Friday, Dec. 1

Holiday Ale Fest
The only thing more festive than robust beers with a high alcohol content is getting to drink them around Pioneer Square's giant-ass Christmas tree. Pioneer Courthouse Square, 701 SW 6th Ave., 11:30 am-9:30 pm. Through Dec. 3. $35.

Remember when questioning the boundary between self and technology seemed like uncharted territory? Four years after it was released, the movie starring Scarlett Johansson as a cell phone now feels like a cultural touchstone instead of just a mind-bending oddity. 5th Avenue Cinema, 510 SW Hall St., 7 pm. $5.

The Grouch, Del the Funky Homosapien, DJ Fresh, DJ Abilities
The rap game could use more traditions, but thankfully there are a few legends still around to give us something to look forward to every year—such as founding Living Legends member the Grouch's How The Grouch Stole Christmas tour, now in its 11th year. Tagging along is yet another hip-hop idol, Del the Funky Homosapien, representing Oakland at its finest. Though this show won't include sets from the rest of the Living Legends or Hieroglyphics crew tour dates, there's no denying that both Grouch and Del can hold it down on their own. Star Theater, 13 NW 6th Ave., 503-248-4700. 9 pm. $22. 21+.

Saturday, Dec. 2

Neeraj Srinivasan of Minority Retort (courtesy of Facebook)
Neeraj Srinivasan of Minority Retort (courtesy of Facebook)

A Perfect Circle
Maynard James Keenan uses A Perfect Circle as a clearinghouse for ideas most Tool fans would deem too tender for his main gig's oeuvre. New single "The Doomed" sounds like an unholy hybrid of both Metallica and Mannheim Steamroller and suggests this might be the most grandiose version of the band yet. Veteran's Memorial Coliseum, 300 N Winning Way, 503-235-7881. 8 pm. $39-$186. All ages.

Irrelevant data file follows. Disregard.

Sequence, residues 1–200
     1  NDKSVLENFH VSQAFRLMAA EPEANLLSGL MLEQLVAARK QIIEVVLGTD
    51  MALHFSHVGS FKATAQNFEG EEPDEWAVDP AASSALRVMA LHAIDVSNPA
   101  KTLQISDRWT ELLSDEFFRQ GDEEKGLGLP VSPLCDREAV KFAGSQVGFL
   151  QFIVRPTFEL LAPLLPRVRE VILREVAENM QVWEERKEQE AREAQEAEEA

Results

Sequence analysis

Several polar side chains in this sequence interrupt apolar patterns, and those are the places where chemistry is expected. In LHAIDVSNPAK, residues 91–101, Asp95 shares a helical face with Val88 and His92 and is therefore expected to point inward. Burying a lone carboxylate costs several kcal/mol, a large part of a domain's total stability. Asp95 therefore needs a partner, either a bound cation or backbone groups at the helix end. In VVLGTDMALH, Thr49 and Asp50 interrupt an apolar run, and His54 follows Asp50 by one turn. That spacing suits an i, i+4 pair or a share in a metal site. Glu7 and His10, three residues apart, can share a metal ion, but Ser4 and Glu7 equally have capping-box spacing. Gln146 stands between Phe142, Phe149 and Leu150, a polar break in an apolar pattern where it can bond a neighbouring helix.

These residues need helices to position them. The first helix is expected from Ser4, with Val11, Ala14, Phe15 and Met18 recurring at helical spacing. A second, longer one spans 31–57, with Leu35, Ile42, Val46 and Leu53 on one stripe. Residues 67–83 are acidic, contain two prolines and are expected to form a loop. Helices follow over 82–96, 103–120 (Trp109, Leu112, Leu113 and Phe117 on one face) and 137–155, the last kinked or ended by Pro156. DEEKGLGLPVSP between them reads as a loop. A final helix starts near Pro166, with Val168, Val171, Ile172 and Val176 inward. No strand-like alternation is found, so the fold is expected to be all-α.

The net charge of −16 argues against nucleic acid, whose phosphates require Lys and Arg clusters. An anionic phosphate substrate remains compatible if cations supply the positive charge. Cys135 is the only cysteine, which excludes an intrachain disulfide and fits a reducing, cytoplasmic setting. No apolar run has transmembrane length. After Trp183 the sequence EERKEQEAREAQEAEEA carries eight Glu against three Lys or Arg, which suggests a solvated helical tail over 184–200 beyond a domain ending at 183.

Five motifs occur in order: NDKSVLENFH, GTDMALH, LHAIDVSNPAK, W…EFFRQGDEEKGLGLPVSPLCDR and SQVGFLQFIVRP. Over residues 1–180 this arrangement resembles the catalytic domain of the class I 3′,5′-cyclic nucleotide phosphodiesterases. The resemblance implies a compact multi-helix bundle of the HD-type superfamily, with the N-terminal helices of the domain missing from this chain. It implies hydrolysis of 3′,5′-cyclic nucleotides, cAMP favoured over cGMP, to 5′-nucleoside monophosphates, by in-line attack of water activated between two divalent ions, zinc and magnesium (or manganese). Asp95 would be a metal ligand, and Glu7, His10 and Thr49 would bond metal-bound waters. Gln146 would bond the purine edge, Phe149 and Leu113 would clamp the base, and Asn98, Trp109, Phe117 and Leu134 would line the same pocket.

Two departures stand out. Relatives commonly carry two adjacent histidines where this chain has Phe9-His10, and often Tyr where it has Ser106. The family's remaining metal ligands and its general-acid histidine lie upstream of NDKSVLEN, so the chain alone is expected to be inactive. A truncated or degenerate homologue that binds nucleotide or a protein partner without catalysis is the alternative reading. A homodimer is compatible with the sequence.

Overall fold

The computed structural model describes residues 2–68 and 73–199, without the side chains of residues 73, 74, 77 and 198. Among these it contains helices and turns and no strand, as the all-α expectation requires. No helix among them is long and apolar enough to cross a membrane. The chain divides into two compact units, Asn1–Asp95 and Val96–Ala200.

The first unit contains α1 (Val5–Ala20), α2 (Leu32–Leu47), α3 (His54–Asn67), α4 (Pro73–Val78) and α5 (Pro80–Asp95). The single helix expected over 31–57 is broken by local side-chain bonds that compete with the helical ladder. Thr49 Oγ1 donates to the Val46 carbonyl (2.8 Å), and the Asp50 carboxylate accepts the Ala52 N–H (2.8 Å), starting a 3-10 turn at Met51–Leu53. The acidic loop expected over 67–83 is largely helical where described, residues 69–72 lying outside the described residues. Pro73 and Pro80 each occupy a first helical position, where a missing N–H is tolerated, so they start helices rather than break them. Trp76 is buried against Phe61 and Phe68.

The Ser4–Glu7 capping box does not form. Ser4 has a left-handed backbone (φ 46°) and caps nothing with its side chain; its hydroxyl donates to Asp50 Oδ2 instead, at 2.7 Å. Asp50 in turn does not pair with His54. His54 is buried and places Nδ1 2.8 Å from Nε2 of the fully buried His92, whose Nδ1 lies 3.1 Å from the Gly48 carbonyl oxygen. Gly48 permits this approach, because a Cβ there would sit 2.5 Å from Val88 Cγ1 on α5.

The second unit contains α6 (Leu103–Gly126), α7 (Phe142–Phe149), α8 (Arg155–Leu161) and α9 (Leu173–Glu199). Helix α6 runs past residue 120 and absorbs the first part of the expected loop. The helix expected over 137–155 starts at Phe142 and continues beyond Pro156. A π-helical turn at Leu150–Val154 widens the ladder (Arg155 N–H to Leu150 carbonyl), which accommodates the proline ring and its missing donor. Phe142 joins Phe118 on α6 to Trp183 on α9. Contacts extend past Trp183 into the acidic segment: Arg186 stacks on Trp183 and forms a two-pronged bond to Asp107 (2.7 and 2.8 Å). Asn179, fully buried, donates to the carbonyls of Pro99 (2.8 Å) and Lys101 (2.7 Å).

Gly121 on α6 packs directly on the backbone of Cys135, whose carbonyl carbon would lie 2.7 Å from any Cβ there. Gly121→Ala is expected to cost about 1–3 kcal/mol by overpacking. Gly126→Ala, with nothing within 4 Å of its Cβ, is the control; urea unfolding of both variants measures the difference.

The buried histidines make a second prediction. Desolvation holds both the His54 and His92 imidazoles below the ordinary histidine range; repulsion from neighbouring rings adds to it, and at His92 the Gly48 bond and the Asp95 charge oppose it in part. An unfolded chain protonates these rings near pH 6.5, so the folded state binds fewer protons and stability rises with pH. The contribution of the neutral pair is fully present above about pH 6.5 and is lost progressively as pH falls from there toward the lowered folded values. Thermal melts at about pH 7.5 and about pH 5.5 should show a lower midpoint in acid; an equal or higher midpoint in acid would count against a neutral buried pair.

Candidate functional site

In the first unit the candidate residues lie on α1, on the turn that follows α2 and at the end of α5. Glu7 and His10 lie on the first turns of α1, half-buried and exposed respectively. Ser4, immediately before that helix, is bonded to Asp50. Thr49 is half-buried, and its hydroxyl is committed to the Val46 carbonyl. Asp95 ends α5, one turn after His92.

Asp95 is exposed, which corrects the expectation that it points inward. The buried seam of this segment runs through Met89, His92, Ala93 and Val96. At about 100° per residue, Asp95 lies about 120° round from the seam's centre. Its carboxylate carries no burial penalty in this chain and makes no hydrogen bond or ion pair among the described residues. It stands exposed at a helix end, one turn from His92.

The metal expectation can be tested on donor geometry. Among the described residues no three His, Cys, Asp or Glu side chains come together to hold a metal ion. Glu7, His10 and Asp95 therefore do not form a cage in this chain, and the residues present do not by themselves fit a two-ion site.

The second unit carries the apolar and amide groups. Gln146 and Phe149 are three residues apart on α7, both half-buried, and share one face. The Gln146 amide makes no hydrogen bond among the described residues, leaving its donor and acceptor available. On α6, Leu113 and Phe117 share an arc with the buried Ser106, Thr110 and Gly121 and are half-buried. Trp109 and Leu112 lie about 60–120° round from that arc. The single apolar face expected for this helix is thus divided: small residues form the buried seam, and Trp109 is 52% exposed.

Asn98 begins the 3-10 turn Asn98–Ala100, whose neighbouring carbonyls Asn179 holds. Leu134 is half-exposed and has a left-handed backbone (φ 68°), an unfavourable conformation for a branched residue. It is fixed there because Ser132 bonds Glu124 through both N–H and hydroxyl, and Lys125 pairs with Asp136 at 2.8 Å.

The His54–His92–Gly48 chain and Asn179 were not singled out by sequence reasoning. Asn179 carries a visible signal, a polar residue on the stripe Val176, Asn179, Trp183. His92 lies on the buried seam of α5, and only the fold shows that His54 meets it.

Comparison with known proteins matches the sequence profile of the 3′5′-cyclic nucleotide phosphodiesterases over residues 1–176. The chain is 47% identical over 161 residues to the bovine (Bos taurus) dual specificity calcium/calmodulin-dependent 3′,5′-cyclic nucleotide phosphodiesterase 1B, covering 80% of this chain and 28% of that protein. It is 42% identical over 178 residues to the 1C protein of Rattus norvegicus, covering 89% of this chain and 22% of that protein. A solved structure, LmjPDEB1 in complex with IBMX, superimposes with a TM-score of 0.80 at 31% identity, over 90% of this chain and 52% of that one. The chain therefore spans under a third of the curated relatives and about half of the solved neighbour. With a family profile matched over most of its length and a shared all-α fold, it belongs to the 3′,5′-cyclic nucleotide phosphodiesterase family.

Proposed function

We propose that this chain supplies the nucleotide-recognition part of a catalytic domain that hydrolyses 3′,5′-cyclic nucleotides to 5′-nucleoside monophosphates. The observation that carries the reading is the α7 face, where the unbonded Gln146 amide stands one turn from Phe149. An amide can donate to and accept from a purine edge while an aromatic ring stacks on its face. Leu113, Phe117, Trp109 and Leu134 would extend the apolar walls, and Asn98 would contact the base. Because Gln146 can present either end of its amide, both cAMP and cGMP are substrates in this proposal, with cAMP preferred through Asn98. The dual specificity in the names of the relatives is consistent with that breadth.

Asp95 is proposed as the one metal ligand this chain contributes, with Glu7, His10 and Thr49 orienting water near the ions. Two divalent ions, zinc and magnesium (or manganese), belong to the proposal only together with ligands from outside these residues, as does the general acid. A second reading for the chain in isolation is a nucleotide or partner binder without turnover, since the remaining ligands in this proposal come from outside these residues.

Portland Podcast Festival
Proof that Portland has a booming podcast scene, the lineup for the first annual festival is packed. There'll be two stages and live recordings of 13 local podcasts, including everything from standup showcases like Minority Retort to Harry Potter fan theories and self-care podcasts. Hawthorne Theatre,  1507 SE Cesar E Chavez Blvd., 6 pm to midnight. $14.50. 21+.

Dr. Amir Whitaker
In the Knucklehead's Guide to Escaping the Trap, Amir Whitaker tells the story of how he went from being from an imprisoned drug dealer expelled from school to a world traveler and holder of five college degrees. Not just a reading or speech, Mother Foucault's will apparently be rocking a full multimedia production. Live music, hip-hop, dance, poetry, video, photos and the music of Kendrick Lamar are promised. Mother Foucault's, 523 SE Morrison St., 7-9 pm.

Bell Witch, Monarch, Usnea
Albums, especially those in the increasingly stagnant doom metal genre, don't get much more ambitious than Bell Witch's recent Mirror Reaper. The entire album, one 83-minute-long song, moves from one glacially paced movement to another, reaching dynamic peaks and valleys but taking its sweet time en route. The album was composed after the death of founding drummer-vocalist Adrian Guerra, and between the two current members' growls, guest vocalist Erik Moggridge's mournful tenor, and even some posthumous vocals from Guerra, the album manages to convey the full human range of sorrow. Since releasing their debut five years ago, the Seattle band have found a new niche in an old genre, and imbued every note with a passion that's rare in any school of music. Bell Witch were already one of the most promising doom bands in recent memory, but Mirror Reaper has elevated them to leaders in their class. Support comes from crushing French veterans Monarch and local sci-fi doom favorites Usnea. An extremely loud and incredibly slow show by all accounts. Tonic Lounge, 3100 NE Sandy Blvd., 971-271-8464. 9 pm Saturday, December 2. $10 advance, $13 day of show. 21+.

Pere Ubu, Diminished Men, Lithics